demoWidget1Config.js
angular.module('demoWidget1Module')
     
    .config(['dashboardProviderProvider',
        function (dashboardProviderProvider) {
            dashboardProviderProvider.widget('demoWidget1', {
                title: 'Demo Widget 1',
                category: 'customWidget',
                description: 'Demo Widget 1',
                templateUrl: 'widgets/customWidgets/demoWidget1/partials/demoWidget1.html',
                iconUrl: 'widgets/customWidgets/demoWidget1/assets/images/demoWidget1MenuIcon_32x32.png',
                container: {
                    hideHeader: false,
                    hideBorder: false,
                    width: 200,
                    height: 150,
                    contentMinHeight: 60,
                    contentMinWidth: 60
                }
            });
    }]);

Explanation: In line #6 the custom widget title is defined, followed by category and description. In line #9 the templateUrl is set. This URL points to the custom widget view. In line #10 the URL for the just created menu icon is configured. The container property starting in line #11 configures the widget container properties, like width and height.
For further explanations on the custom widget configuration, see: How to configure a custom widget?

Step 6: Do some view styling by adding CSS


Following the implementation up until this point, creates a custom widget looking like that:

Adding some CSS makes it look like this:

Therefore please create a sub-folder in the assets folder called CSS.
Create a new file and save it as demoWidget1Styles.css. Add the following content to change the widget look as shown above:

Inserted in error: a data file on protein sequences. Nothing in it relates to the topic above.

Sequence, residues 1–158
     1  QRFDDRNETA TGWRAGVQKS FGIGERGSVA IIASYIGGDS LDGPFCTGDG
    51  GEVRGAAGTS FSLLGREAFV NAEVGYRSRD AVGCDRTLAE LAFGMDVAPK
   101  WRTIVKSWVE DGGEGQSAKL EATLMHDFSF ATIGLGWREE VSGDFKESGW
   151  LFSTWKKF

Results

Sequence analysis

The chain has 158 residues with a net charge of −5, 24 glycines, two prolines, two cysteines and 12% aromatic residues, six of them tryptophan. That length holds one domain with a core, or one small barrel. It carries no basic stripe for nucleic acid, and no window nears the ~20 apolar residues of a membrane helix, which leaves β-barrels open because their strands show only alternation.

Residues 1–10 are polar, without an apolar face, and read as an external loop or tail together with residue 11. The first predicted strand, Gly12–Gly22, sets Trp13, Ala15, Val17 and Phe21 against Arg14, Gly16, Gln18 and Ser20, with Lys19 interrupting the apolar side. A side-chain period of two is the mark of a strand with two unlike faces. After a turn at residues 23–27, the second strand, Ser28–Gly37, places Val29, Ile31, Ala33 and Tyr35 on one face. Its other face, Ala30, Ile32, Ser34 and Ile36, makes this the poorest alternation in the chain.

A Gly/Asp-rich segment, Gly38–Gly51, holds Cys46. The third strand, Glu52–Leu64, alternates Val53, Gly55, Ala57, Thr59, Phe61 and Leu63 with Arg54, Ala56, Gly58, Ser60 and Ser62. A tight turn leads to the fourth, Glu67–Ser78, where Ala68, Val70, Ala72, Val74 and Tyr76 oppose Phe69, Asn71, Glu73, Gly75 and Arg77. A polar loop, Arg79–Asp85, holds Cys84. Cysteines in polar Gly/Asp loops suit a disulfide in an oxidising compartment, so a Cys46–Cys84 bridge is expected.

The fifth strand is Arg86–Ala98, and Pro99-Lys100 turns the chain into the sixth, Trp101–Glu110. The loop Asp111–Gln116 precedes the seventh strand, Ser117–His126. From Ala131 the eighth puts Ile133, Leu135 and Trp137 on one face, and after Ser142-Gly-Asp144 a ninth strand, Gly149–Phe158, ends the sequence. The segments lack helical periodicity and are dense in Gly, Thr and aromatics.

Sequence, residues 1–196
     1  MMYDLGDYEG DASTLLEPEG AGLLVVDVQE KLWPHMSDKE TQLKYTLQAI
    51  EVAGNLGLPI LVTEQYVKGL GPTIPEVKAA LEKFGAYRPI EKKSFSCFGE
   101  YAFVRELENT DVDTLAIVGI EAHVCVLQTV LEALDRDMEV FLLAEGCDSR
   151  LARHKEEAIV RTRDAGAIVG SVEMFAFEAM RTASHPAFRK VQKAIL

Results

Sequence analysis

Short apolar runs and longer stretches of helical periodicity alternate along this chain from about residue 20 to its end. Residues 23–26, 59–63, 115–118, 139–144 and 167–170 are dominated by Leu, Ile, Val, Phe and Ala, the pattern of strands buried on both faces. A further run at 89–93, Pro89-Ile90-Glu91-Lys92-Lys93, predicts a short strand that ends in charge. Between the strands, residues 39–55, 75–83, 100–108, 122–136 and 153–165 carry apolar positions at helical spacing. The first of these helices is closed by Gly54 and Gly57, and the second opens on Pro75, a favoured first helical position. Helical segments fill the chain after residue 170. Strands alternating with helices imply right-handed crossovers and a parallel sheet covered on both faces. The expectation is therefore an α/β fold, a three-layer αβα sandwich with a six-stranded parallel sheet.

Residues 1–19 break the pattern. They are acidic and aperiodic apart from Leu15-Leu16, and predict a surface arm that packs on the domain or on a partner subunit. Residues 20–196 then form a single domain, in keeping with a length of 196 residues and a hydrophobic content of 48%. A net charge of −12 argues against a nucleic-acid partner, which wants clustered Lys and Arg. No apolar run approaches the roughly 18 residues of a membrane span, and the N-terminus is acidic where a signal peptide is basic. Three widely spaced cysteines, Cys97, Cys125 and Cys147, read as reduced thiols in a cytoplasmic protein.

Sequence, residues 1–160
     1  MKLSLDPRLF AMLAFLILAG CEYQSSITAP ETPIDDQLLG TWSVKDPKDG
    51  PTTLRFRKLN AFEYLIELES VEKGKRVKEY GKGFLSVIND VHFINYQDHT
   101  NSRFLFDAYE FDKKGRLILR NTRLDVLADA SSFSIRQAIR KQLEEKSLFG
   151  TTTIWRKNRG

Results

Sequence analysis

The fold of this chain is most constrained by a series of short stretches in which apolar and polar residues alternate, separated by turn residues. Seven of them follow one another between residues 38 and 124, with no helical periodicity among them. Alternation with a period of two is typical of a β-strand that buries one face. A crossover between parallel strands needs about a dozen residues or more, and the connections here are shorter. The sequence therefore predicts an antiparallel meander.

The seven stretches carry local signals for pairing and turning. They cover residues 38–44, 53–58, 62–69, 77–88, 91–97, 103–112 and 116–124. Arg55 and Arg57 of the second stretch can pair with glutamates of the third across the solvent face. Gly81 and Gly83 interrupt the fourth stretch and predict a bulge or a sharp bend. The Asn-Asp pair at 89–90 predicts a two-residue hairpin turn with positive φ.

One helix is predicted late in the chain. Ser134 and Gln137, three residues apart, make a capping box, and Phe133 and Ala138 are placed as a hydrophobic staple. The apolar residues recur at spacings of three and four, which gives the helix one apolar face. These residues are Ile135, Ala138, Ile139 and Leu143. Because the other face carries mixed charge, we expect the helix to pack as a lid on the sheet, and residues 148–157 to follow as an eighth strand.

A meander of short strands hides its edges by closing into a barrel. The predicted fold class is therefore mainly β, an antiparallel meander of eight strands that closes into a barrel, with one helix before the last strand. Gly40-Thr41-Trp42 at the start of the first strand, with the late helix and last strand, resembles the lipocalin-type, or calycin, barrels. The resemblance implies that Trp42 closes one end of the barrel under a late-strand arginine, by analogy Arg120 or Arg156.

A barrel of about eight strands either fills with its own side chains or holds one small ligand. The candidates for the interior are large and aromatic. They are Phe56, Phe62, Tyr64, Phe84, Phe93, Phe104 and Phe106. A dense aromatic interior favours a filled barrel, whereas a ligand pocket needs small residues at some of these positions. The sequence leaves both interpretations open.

demoWidget1Styles.css
.panel-dashboard-default[widget-type='demoWidget1'] h3{
    text-decoration: underline;
}
.demoWidget1 {
    overflow: auto;
    text-align: center;
    height: 100%;
}

Hint: For further explanations on custom widget styling, see: How to style a custom widget?

Step 7: Activate the just created custom widget

Now it is time to get things working. Therefore please follow the explanations on: How can custom widgets be activated?


Summary and sources


At the end of this chapter you have created a simple custom widget, showing static text.
The created files and source code for the simple custom widget with static content can be downloaded from here.
 
Appendix 1-3 will give an introduction to the usage of AngularJS and data binding in custom widgets. The widget will be extended further to deal with dynamic content.
Anybody familiar with AngularJS can stop reading here and continue directly with Chapter 2 - Setting up data assignment.
The created files and source code for the simple custom widget with dynamic content can be downloaded from here.


Appendix 1: AngularJS Basics - Adding dynamic content to the view

As of now, the content of the widget is displaying just static content. In order to work with dynamic content, the HTML needs to be enriched with placeholders or custom HTML tags displaying the data coming from a data model. With the help of AngularJS, this can be done quite easily. AngularJS follows the Model View Controller (MVC) pattern and so does every custom widget. As a result, all custom widgets are divided into three parts.The data-model maintaining the data. The view displaying the data to the user. And the controller managing the interactions between the data-model and the view. The view has been created in step #3 already. Now let's implement the controller.